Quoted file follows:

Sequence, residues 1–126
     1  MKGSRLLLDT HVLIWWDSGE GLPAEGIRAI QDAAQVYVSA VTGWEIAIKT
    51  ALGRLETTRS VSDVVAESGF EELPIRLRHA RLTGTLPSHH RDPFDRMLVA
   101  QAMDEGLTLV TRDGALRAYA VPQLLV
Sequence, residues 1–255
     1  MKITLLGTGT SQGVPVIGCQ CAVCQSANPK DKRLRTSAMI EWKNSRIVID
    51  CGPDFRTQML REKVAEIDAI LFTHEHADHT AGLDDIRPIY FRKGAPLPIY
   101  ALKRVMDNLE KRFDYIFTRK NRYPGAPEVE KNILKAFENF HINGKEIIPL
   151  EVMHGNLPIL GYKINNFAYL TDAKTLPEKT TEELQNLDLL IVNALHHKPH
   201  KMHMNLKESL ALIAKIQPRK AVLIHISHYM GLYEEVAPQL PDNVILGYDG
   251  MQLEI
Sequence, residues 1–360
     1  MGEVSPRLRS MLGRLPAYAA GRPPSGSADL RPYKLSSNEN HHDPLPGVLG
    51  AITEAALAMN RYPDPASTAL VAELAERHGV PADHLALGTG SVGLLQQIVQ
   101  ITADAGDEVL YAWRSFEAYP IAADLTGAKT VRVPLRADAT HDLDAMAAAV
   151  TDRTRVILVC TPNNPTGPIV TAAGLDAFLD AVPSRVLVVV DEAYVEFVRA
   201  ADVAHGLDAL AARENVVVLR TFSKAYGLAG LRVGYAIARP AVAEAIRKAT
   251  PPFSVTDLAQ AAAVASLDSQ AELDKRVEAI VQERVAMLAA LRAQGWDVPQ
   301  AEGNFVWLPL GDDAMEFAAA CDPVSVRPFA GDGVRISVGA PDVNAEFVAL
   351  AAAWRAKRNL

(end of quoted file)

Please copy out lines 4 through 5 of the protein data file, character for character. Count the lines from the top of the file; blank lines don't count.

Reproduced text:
   101  QAMDEGLTLV TRDGALRAYA VPQLLV
Sequence, residues 1–255